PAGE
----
The Atlantic hurricane season officially began June 1, and it is shaping up to be an active season.
Environment Canada warning preparedness meteorologist Bob Robichaud is on the Island to brief the province's Emergency Measures Organization on the upcoming season, which he says won't be as active as last year.
"We're expecting anywhere around 10 to 16 name storms, that would be near average or slightly above average but not quite as busy as it was last year," Robichaud said in an interview on CBC News: Compass.
Robichaud said 2017 was the costliest hurricane season on record with more than $260 billion in damages.
Robichaud said by looking at "some larger scale patterns in the atmosphere and in the ocean," Environment Canada is able to predict how active a hurricane season will be.
"However, where those storms will go depend on the actual weather of the day, so that we're not able to predict ahead of time," he said.
As the storms get closer, predicting where they will go does become easier, he said, but forecasting the intensity of the storms is where the most improvement can be made.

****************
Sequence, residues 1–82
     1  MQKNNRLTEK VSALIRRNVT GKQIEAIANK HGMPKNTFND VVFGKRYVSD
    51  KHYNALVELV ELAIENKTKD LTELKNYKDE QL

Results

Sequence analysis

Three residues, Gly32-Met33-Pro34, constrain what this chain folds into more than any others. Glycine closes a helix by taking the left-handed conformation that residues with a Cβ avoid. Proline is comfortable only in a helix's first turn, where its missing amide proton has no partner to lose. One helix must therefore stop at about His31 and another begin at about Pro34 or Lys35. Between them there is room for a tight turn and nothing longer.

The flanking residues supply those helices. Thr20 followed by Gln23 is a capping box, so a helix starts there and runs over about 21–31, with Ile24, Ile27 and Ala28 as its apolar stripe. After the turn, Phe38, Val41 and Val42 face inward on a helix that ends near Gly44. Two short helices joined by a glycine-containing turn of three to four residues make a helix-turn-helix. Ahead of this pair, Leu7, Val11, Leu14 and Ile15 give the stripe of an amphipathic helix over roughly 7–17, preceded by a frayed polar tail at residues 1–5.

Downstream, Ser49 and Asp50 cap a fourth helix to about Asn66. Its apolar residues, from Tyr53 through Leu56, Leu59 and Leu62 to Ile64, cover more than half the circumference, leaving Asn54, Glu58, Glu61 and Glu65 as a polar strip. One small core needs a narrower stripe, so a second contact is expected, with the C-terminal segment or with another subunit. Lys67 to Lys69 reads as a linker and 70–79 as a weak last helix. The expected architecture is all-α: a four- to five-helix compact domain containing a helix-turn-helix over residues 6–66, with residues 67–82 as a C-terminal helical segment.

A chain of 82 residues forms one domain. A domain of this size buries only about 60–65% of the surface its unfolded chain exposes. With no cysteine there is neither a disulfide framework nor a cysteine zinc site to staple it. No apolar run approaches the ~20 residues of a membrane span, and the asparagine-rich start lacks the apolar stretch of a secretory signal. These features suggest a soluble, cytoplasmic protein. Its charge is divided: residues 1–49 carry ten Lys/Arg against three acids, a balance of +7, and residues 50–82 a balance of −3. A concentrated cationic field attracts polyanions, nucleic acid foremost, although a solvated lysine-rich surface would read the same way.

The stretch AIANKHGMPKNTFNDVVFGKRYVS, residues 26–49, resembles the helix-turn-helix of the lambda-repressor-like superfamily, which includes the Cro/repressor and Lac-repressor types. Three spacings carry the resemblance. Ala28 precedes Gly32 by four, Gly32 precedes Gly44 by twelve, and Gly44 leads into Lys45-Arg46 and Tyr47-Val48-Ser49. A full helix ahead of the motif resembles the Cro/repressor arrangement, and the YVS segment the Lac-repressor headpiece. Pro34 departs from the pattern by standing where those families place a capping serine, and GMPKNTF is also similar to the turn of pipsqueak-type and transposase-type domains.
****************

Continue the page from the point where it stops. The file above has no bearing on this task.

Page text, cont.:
"Last year there were about 37 cases, of all the different storms that we saw last year, where we had what we call rapid intensification, which is an increase in 55 km/h within a 24-hour period. That happened 37 times with our 17 storms from last year, only six were correctly predicted," he said.
"That's a main concern, to try and predict the intensity of these storms."
Robichaud said there aren't any immediate threats to P.E.I., though he did say there is an area of "disturbed weather" in the southwest Caribbean that has a 20 to 30 per cent chance of becoming a more intense storm — however "no major threat to anyone right now."
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